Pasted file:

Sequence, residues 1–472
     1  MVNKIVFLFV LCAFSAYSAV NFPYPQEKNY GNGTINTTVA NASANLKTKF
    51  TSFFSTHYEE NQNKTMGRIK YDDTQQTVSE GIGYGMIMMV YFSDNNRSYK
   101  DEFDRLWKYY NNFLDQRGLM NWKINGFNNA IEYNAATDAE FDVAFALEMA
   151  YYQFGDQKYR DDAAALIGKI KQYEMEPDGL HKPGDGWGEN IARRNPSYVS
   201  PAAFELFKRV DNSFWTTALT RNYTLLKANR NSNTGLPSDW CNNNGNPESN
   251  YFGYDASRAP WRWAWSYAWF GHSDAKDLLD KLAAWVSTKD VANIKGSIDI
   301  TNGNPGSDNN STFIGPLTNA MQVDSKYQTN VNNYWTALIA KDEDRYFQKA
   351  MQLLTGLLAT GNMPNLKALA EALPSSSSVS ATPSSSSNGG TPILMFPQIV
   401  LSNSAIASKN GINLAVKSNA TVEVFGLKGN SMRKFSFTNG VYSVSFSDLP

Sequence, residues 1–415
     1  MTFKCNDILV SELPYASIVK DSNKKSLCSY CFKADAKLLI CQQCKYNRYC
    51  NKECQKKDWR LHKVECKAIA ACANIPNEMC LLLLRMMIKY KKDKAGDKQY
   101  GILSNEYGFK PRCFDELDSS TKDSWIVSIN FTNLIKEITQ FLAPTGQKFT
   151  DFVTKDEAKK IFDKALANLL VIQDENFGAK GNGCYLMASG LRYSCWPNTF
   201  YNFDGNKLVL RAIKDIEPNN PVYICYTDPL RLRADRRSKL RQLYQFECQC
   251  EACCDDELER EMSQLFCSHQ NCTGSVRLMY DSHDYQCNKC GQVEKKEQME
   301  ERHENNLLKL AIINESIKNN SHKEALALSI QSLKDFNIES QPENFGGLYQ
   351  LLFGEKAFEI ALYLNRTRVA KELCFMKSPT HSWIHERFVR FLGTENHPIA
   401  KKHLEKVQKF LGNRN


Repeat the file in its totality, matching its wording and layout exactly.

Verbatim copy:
Sequence, residues 1–472
     1  MVNKIVFLFV LCAFSAYSAV NFPYPQEKNY GNGTINTTVA NASANLKTKF
    51  TSFFSTHYEE NQNKTMGRIK YDDTQQTVSE GIGYGMIMMV YFSDNNRSYK
   101  DEFDRLWKYY NNFLDQRGLM NWKINGFNNA IEYNAATDAE FDVAFALEMA
   151  YYQFGDQKYR DDAAALIGKI KQYEMEPDGL HKPGDGWGEN IARRNPSYVS
   201  PAAFELFKRV DNSFWTTALT RNYTLLKANR NSNTGLPSDW CNNNGNPESN
   251  YFGYDASRAP WRWAWSYAWF GHSDAKDLLD KLAAWVSTKD VANIKGSIDI
   301  TNGNPGSDNN STFIGPLTNA MQVDSKYQTN VNNYWTALIA KDEDRYFQKA
   351  MQLLTGLLAT GNMPNLKALA EALPSSSSVS ATPSSSSNGG TPILMFPQIV
   401  LSNSAIASKN GINLAVKSNA TVEVFGLKGN SMRKFSFTNG VYSVSFSDLP

Sequence, residues 1–415
     1  MTFKCNDILV SELPYASIVK DSNKKSLCSY CFKADAKLLI CQQCKYNRYC
    51  NKECQKKDWR LHKVECKAIA ACANIPNEMC LLLLRMMIKY KKDKAGDKQY
   101  GILSNEYGFK PRCFDELDSS TKDSWIVSIN FTNLIKEITQ FLAPTGQKFT
   151  DFVTKDEAKK IFDKALANLL VIQDENFGAK GNGCYLMASG LRYSCWPNTF
   201  YNFDGNKLVL RAIKDIEPNN PVYICYTDPL RLRADRRSKL RQLYQFECQC
   251  EACCDDELER EMSQLFCSHQ NCTGSVRLMY DSHDYQCNKC GQVEKKEQME
   301  ERHENNLLKL AIINESIKNN SHKEALALSI QSLKDFNIES QPENFGGLYQ
   351  LLFGEKAFEI ALYLNRTRVA KELCFMKSPT HSWIHERFVR FLGTENHPIA
   401  KKHLEKVQKF LGNRN